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Ten permaculture crops to fill the hungry gap

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  • Ten permaculture crops to fill the hungry gap

    A nice video explaining the usefulness of perennial crops for filling the leaner spring months, when winter vegetables are finished and spring vegetables are not yet available.

  • #2
    Yes, thanks. Some of her other videos are interesting too.

    She includes a perennial kale which she calls ‘Eeuwige moeskool‘. This apparently translates as perennial charcoal? I was wondering how this variety might relate to ones more familiar to UK gardeners but information isn’t easily found.

    There’s a rather inconclusive discussion at

    I imagine there are quite a few related but slightly different perennial kales known and established in different areas.


    • #3
      Eeuwige moeskool, is very close to our plain Daubenton, just a Dutch name of a plain green leafed perennial kale that only flowers very rarely. Eeuwige means 'for ever' ie perennial and I guess this is just the type that is widespread in the Netherlands and Germany. Whereas Taunton Dean has purple in it and grows very tall, this one is smaller. Taunton Dean has a bit of an antho flavour because of the purple ribs, this one has been described as 'mild'. As perennial kales go, there are probably many similar varieties. Quite unlikely that it is identical to the french Daubenton, but of no consequence for the user whether it is or not. At this stage different varieties matter less than getting these kales back into cultivation.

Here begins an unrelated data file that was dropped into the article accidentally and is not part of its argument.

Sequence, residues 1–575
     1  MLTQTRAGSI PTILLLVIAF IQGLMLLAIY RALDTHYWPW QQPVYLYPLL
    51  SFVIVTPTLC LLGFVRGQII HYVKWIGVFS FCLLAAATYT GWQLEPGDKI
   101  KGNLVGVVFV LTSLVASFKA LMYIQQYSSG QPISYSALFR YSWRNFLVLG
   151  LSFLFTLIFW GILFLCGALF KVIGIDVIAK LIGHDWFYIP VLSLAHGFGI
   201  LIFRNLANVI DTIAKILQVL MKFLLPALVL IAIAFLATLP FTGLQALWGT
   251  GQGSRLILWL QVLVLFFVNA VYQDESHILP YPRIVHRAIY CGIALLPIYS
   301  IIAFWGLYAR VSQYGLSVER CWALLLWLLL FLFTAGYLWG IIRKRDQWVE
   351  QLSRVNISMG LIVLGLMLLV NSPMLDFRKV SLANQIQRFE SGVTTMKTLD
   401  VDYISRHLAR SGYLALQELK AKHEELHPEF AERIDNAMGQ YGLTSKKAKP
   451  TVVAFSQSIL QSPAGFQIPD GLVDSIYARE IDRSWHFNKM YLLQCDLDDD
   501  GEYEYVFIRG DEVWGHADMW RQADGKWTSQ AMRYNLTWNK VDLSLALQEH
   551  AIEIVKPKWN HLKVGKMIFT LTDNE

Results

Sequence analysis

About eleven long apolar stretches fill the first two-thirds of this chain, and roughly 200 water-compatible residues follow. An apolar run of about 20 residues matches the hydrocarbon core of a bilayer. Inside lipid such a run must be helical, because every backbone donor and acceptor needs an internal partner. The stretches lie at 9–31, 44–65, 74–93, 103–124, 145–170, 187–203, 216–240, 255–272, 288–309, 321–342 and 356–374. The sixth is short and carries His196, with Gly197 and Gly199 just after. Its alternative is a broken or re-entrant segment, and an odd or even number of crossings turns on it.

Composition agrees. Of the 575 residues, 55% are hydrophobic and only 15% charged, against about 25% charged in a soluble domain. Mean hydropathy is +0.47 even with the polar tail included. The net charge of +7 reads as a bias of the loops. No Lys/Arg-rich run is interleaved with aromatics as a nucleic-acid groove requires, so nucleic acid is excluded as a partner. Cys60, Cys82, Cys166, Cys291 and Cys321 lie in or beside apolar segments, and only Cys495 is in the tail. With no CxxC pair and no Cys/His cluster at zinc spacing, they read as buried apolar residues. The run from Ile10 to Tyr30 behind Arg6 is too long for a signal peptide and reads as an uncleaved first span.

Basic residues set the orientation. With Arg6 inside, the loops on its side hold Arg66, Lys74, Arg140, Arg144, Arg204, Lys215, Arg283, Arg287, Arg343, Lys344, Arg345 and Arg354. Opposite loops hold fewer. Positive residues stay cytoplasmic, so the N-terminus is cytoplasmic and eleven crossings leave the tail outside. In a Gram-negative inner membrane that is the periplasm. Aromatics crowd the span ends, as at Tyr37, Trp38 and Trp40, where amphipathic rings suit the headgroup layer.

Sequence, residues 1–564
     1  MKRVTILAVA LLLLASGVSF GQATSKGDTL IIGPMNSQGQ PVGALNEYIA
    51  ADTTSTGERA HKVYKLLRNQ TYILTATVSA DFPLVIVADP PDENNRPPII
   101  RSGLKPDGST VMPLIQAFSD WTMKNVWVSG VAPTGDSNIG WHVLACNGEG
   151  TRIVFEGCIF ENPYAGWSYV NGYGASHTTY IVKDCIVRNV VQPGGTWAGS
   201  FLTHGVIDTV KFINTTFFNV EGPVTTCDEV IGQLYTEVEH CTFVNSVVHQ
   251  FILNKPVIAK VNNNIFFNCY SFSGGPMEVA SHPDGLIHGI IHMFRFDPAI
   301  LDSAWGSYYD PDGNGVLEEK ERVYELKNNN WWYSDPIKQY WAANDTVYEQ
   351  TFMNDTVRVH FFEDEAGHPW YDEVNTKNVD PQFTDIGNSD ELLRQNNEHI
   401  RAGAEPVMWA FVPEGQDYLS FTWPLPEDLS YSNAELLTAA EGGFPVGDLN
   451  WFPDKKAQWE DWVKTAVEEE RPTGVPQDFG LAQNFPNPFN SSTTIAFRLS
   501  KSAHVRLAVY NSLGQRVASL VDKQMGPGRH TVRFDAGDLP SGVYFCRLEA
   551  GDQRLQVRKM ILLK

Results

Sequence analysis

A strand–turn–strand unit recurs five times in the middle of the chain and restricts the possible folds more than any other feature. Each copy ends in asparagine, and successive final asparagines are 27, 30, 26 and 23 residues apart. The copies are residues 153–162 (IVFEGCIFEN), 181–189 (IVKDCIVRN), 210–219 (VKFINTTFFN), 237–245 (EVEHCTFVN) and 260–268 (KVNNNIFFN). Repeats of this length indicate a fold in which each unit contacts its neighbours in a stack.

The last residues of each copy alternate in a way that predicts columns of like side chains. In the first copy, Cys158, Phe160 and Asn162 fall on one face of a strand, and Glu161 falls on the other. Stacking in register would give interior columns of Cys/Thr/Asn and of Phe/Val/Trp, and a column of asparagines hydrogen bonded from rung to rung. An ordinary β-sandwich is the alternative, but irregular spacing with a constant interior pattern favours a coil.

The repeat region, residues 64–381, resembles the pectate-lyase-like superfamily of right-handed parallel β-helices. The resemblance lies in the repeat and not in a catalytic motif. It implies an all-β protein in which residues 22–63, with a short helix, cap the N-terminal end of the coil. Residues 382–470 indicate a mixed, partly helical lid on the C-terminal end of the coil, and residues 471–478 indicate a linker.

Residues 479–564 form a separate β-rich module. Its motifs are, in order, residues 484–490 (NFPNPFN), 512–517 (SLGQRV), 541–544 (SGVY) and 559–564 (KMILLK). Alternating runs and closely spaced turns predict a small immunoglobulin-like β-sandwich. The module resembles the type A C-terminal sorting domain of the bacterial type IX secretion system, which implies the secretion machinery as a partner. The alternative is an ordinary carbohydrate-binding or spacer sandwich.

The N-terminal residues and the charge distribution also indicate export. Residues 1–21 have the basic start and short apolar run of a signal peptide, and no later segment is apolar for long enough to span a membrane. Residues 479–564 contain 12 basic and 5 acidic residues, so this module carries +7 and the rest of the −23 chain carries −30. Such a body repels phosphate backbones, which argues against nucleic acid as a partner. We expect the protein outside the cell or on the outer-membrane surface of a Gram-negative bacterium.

The most interesting 'variety' development is this landrace grex which among lovely variation has also been selected for frost hardiness. One problem with all these kales is that they are not a hundred percent reliable in cold winters which is why they are more widespread in coastal areas where it is warmer.

      I had a plain Daubenton perish in a cold winter as well as most of the perennial Portuguese kales from HSL. But my one Portuguese kale survivor has been propagated many times from cuttings.


      Last edited by Galina; 05-07-2020, 09:00.


      • #4
        That’s very interesting. The Grex is very tempting if they ship to UK. It would take a lot of space I think to grow on a good number of plants. I kind of have the space but maintaining it is another matter!

        Do you know of anyone who has grown this grex?


        • Galina
          Galina commented
          Editing a comment
          Chris Homanics himself has been developing a small sized half green half pink kale that does not go to flower for several years. He intends in the long run to multiply into many plants and then grow seeds. Saw a picture of it on fb recently. I think we will get some new perennial kales soon that are quite different from the 3 types we are used to.